A Legacy of Faith in the Three Female Deities
Establishment of the Three Shrines and Inheritance of the Faith
In the second half of the 7th century, open-air rituals similar to those conducted on Okinoshima began to be performed also at Mitakesan ritual site on the island of Oshima and Shimotakamiya ritual site on the main island of Kyushu.
At that time Munakata Taisha was established as these three sites, linked by a vast stretch of sea, for the worship of the Three Female Deities of Munakata. The oldest Japanese historical documents, the Kojiki and Nihonshoki, both of which were composed in the early 8th century, mention that the Munakata clan worshipped the three female deities at Okitsu-miya, Nakatsu-miya and Hetsu-miya.
The form of worshipping the Three Female Deities of Munakata has been passed down to the present day in rituals conducted mainly at the shrine buildings and safeguarded by people of the Munakata region.
Bearers of a Religious Tradition
Mounded Tomb Group ―
The Munakata clan had advanced nautical skills and performed the ancient rituals on Okinoshima while taking part in overseas exchanges.
With the support of the early Japanese governing powers, they began to worship the Three Female Deities of Munakata at the three shrines of Munakata Taisha.
The Shimbaru-Nuyama Mounded Tomb Group, which was constructed from the 5th to the 6th centuries, offers tangible evidence concerning the Munakata clan who sustained the living tradition of worshipping Okinoshima.
The Munakata region forms an integrated sea space that links Kyushu, where a large sea inlet once existed, with Okinoshima, and with Oshima, which is situated between them.
The Shimbaru-Nuyama Mounded Tomb Group is located beside the agricultural land that was once a sea inlet, on a plateau overlooking the sea that stretches out toward Okinoshima.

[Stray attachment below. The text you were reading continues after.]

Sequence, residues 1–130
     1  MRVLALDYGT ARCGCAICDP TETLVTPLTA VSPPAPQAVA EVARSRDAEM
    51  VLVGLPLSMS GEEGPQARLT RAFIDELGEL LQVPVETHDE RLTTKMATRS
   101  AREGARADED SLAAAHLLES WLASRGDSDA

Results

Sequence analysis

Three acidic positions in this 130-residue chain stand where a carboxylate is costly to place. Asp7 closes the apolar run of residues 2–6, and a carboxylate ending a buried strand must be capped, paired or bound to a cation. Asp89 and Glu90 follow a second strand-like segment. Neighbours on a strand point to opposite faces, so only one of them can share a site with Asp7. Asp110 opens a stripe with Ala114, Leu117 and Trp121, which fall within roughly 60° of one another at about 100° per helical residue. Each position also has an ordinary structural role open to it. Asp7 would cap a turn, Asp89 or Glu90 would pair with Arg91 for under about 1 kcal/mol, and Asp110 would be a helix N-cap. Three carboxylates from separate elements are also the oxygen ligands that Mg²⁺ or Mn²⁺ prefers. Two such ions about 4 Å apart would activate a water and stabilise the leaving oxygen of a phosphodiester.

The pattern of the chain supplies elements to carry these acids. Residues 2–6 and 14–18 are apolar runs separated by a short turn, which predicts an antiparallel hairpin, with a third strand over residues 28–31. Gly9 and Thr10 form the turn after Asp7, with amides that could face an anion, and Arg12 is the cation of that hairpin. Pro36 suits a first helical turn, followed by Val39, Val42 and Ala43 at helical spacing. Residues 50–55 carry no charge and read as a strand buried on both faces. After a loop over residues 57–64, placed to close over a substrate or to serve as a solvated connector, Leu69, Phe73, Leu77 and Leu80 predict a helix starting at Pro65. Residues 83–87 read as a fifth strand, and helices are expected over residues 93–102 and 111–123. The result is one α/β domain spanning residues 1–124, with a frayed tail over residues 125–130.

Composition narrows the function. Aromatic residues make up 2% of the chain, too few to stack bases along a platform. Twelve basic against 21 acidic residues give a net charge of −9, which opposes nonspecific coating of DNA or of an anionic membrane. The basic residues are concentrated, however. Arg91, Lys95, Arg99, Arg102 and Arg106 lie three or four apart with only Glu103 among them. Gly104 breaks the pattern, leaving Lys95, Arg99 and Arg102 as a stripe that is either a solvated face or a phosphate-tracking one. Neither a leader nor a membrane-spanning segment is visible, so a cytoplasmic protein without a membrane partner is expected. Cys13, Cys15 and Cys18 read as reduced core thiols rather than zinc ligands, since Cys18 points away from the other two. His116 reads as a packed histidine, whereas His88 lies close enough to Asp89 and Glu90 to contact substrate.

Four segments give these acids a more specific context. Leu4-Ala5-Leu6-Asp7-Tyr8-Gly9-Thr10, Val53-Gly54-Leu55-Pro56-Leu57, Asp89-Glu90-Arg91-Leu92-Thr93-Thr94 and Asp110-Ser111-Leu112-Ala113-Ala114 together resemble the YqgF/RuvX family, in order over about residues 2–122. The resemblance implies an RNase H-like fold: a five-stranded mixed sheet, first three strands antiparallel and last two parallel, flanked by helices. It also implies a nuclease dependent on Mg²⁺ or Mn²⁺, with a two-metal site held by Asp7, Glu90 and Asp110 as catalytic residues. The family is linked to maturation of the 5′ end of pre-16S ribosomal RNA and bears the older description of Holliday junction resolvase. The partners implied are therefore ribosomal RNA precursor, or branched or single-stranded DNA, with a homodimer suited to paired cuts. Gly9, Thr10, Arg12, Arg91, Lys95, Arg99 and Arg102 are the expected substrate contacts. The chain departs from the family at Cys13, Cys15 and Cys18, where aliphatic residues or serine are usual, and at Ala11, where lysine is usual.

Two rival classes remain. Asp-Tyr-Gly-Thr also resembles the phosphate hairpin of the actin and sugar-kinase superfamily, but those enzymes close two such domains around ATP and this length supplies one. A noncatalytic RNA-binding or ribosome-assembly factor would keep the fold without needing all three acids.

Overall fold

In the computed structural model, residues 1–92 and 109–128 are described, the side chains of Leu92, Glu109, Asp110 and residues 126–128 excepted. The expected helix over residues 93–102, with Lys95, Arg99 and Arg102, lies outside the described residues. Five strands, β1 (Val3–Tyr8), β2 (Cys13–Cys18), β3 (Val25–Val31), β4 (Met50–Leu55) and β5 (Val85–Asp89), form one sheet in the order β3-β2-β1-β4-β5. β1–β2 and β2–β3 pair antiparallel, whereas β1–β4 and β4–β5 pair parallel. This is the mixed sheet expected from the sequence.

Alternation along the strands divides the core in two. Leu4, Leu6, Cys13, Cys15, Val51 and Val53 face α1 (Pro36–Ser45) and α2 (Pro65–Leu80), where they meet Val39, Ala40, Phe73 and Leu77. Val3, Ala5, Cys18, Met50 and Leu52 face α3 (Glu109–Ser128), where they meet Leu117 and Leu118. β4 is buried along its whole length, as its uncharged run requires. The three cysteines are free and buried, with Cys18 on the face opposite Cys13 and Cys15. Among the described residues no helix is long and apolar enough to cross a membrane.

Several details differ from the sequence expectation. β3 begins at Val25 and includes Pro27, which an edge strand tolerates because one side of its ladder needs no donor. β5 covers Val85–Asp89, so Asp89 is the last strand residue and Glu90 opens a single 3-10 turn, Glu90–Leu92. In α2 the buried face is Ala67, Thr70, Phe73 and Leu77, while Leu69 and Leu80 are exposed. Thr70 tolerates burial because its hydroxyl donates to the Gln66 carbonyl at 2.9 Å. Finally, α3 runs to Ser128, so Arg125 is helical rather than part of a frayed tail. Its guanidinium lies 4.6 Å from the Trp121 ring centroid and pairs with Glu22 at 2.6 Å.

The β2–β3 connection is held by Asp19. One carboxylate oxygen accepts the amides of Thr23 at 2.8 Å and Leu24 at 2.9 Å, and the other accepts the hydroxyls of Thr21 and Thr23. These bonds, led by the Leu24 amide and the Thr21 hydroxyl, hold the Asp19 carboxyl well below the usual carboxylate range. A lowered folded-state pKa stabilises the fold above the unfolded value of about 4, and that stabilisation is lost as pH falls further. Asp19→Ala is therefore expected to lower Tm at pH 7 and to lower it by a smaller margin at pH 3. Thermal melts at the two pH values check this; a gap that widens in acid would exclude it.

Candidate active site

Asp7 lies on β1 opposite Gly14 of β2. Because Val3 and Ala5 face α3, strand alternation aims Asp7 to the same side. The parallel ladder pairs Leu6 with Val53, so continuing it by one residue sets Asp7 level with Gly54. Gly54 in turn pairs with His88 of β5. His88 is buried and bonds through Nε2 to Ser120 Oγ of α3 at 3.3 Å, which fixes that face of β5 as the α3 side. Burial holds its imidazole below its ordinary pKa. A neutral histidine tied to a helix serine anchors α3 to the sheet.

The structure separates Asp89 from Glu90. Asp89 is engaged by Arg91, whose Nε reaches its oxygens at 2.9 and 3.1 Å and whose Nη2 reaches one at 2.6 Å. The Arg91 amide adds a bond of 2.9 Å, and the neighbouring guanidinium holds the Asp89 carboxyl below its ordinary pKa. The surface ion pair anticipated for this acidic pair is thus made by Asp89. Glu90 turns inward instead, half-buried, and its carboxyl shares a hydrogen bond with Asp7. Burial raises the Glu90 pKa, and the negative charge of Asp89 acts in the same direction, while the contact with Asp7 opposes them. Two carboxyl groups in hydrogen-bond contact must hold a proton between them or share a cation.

It consists of both large and small burial mounds, including keyhole-shaped, round, and square mounded tombs built close together along the plateau.
These tombs bear witness to the lives of members of the Munakata clan, who played a key role in overseas exchanges and nurtured a tradition of worshipping Okinoshima.
Remote Worship and Taboos
The Munakata Daiguji (high priest) family, which prospered through its engagement with international trade, continued the tradition of worship at Munakata Taisha when ancient rituals were no longer performed there.
Even since the family's lineage was interrupted at the end of the 16th century, priests and local people have supported the tradition to this day.
The people of Munakata have long fished the waters near Okinoshima, and guards were stationed on the island from the 17th century onward to protect its ocean boundaries; yet customs such as taboos strictly forbidding ordinary people from delivering or removing any object to or from the sacred island have continued to be respected. Some taboos still survive today.
Okinoshima have been preserved almost intact to the present day because of their geographical location, which defies easy access, and local religious traditions such as strict taboos that protect the sacred island. The ancient faith in Okinoshima survives to this day.
Okitsu-miya Yohaisho, which had been built on the northern shore of Oshima by the 18th century, is the place from which to worship Okinoshima, since people are not normally allowed to visit the island. It functions as a hall for worshipping the sacred island from afar.
The Miare Festival
Grand Autumn Festival, held from October 1st to the 3rd each year, is the most important Shinto ritual of Munakata Taisha. In the Miare Festival, which occurs at the start of the Grand Autumn Festival, special boats carrying portable shrines, one dedicated to the deity Tagorihime-no-kami of Okitsu-miya and the other to Tagitsuhime-no-kami of Nakatsu-miya, transfer the shrines by sea from Oshima to the Konominato harbor in the mainland, where their sister Ichikishimahime-no-kami of Hetsu-miya awaits. In this way the three female deities come together once a year at Hetsu-miya.
The group of fishing boats advancing on the Genkai Sea, flying their banners that indicate a big catch, is a magnificent sight, and this is a "sea" ritual that clearly bolsters the reputation of the three female deities of Munakata for governing maritime safety.
At the same time, the boats carrying the portable shrines and their attendant boats are all fishing vessels from the so-called "seven ports of Munkata", and this event is also a festival for the people of the Munakata region.
On the last day of the Grand Autumn Festival, the Kannabi Festival is held at Takamiya Saijo to express gratitude to the three female deities that the grand festival has been safely carried out. On that day, many spectators turn out to witness this mysterious Shinto ritual.